The book of Proverbs concludes with a twenty-two-line poem extolling the ideal woman. Scripture scholars in our midst should perks up at that number, for yes, each line of this text in the Hebrew original begins with a sequenced letter of the alphabet.
Funeral readings may be about one of three topics. They might reveal something of God. They might describe something of church teaching on death and the afterlife. A reading is often selected because is serves as a eulogy of sorts for the deceased.
This fits in the last category. I suppose one could narrate the entire passage, but my last parish edited out the bits that were more aligned with ancient life in the Middle East:
When one finds a worthy wife,
her value is far beyond pearls.
Her husband, entrusting his heart to her,
has an unfailing prize.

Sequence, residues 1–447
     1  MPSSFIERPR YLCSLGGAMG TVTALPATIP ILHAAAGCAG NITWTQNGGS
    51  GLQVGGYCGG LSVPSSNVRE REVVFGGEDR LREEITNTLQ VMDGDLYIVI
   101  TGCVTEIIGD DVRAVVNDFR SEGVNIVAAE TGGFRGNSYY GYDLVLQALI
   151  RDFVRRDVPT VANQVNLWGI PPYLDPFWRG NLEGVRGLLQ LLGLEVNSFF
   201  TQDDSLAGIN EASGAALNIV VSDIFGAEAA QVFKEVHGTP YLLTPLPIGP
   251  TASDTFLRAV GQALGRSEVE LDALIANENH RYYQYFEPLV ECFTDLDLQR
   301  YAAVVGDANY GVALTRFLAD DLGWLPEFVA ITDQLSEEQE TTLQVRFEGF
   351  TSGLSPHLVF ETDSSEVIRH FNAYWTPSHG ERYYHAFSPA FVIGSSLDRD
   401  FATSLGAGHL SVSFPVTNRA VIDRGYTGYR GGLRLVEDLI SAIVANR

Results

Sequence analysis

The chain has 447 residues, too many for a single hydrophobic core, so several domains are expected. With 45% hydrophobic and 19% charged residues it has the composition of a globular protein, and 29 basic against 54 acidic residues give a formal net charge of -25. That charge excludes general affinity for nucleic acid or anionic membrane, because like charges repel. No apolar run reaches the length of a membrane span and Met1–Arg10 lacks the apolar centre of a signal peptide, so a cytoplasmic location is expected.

She brings him good, and not evil,
all the days of her life.
She is clothed with strength and dignity,
and she laughs at the days to come.
She opens her mouth in wisdom,
and on her tongue is kindly counsel.
Her children rise up and praise her;
her husband, too, extols her:
“Many are the women of proven worth,
but you have excelled them all.”
Charm is deceptive and beauty fleeting;
the woman who fears the Lord is to be praised.
Give her a reward of her labors,
and let her works praise her at the city gates.
Does this narrative of female virtue bring comfort to loved ones and friends in mourning? I’m sure it would, if it rang true.
I recommend this reading with caution. It could be a real clunker if the deceased did not exemplify these qualities.